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Without a stroke, to Love will yield,
And quit at once his useless shield.
T' insure your credit to my text,
A case in point is here annext.

Two cities of no mean estate,
Miletus this, and Myus that,
Had long in mutual conflicts bled,
While commerce droop'd with languid head.
And only while Miletus kept
Diana's feast, the contest slept :
A solemn truce was then allow'd :-
At Dian's shrine each city bow'd.
And, till the festive revels cease,
'Twas naught but harmony and peace.
Then gleams the hostile blade again,
And reeking gore manures the plain.
But Venus little could sustain
That Discord should eternal reign ;
So closed for ever their dispute :
And thus she found the means to do't.

From Myus to Miletus came
A girl (Pieria was her name)
Bright as the morn she was by nature,
And Venus now retouch'd each feature.

Then, at what time the sacred train
Attended at Diana's fane,
The prince of the Miletians came,
And saw the maid, and felt the flame.
And soon the prince his love address'd,
“Speak, charmer, speak thy first request ?
Whate'er thy wish, whate'er thy want,
Be't mine to make a double grant.”
But thee, fair maid, supreme in mind,
As well as charms, o'er womankind,
No idle choice seduced aside,
No giddy wish, no hurtful pride:
Thee could no costly gem insnare,
No trinket to adorn thy hair :
No Carian slave didst thou request,
No precious chain, no Tyrian vest.
But long didst stand with downcast eye,
As hesitating to reply ;

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Essaying, but in vain, to speak,
While blushes dyed thy modest cheek.
At last thy falt'ring tongue with fear
Thus utter'd faintly in his ear,

Prince, to these walls give access free,
At all times, for my friends and me.'
Phrygius full well perceived her drift,
Yet nobly ratified his gift.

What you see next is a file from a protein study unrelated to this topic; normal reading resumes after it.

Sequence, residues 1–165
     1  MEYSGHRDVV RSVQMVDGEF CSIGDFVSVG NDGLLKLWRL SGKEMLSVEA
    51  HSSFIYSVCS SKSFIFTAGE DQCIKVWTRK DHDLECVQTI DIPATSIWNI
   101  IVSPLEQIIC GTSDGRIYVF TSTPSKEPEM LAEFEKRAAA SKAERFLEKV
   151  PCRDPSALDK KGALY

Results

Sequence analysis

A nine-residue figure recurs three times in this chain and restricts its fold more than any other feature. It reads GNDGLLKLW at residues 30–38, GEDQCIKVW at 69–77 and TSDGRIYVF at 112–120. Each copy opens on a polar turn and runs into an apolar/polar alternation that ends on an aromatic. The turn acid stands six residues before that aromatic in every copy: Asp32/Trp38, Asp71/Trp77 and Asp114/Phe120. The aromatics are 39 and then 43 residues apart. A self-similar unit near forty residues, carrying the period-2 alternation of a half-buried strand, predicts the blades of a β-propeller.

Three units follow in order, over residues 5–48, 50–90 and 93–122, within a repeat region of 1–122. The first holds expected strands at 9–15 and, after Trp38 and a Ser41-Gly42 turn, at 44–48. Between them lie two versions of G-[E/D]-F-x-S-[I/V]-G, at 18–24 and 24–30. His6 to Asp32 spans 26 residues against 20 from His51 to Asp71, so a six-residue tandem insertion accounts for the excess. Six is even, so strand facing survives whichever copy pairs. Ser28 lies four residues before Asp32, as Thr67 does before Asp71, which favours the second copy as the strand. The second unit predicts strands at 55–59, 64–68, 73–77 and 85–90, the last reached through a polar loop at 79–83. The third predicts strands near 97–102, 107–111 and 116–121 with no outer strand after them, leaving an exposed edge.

A peace was soon proclaim'd around,
And mighty Love the treaty bound:
A more sufficient guarantee,
Than any bonds or oaths could be.
And this example well may prove
That naught's so eloquent as Love:
For oft had orators, whose style was
Mellifluent as the seer's of Pylos, *
Convened, debated, and return'd,
While still the rage of battle burn'd,
But Cupid's sweeter elocution
Brought matters quick to a conclusion.
And hence the Ionian maids deduce
Th'expression now so much in use,

May we such noble presents have,
As erst the princely Phrygius gave!
And may our lords as faithful be,
As thine, Piëria, was to thee."

EPISTLE XVI. THE BASHFUL LOVER.

LAMPRIAS TO PHILIPPIDES.

In secret pining thus I sigh'd,

Love, thou alone my flame dost know,
Who didst the fatal arrow guide,

And Venus, who prepared thy bow.
“Not to my friend, to her much less

Dare I my hopeless flame disclose;
And love conceal'd burns to excess,

And with redoubled ardour glows.

Seer of Fylos.] Nestor, famous in Homer for his eloquence: + Episile XVI.) A lover, who long had feared to disclose his passion, at length describes to his friend the circumstances of success.

“Me, Cupid, hast thou robb'd of rest;

Wound too the maid whose love I seek;
But pierce with lighter shaft her breast,

Lest grief make wan that blooming cheek.”
Sweet did she speak, and sweetly smile,

When lately I admittance had,
Yet seem'd she so reserved the while,

The inconsistence made me mad.
Her snowy hands, her lovely face,

I view'd, with admiration fillid :
Her easy negligence of dress,

Her bosom, seat of bliss, reveald!
Still dared I not my love make known,

But silently to Cupid pray'd,
“Grant that she first her passion own !"-

The powerful archer lent his aid.
Sudden she seized my hand-her

With am'rous elocution speak-
Instant her wonted rigour flies,

And Love sits dimpling on her cheek.
Intoxicated with desire,

Her panting neck she did incline;
And kiss'd me with such life and fire,

I thought her soul would blend with mine.